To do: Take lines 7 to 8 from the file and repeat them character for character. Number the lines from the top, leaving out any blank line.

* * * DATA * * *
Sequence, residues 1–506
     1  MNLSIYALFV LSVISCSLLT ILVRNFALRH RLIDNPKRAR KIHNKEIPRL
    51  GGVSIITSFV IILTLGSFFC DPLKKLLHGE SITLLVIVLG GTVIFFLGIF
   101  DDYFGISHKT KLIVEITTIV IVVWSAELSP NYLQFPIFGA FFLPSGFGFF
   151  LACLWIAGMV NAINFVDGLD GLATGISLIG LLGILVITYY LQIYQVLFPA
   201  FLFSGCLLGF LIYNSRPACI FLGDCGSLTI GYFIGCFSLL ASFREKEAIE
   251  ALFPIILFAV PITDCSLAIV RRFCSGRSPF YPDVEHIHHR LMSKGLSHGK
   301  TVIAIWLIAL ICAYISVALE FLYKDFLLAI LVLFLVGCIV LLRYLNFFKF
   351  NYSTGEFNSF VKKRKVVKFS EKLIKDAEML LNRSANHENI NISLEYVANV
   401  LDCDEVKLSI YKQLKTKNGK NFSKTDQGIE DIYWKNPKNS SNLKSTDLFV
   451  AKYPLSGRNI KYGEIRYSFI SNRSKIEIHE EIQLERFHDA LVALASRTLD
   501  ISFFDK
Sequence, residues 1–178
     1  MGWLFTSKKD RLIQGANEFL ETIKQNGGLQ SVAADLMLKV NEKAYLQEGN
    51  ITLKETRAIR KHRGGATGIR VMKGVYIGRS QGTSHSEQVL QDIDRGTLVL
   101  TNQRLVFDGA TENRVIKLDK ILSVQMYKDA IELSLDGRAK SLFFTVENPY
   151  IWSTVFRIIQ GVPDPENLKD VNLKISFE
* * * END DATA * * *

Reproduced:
   251  ALFPIILFAV PITDCSLAIV RRFCSGRSPF YPDVEHIHHR LMSKGLSHGK
   301  TVIAIWLIAL ICAYISVALE FLYKDFLLAI LVLFLVGCIV LLRYLNFFKF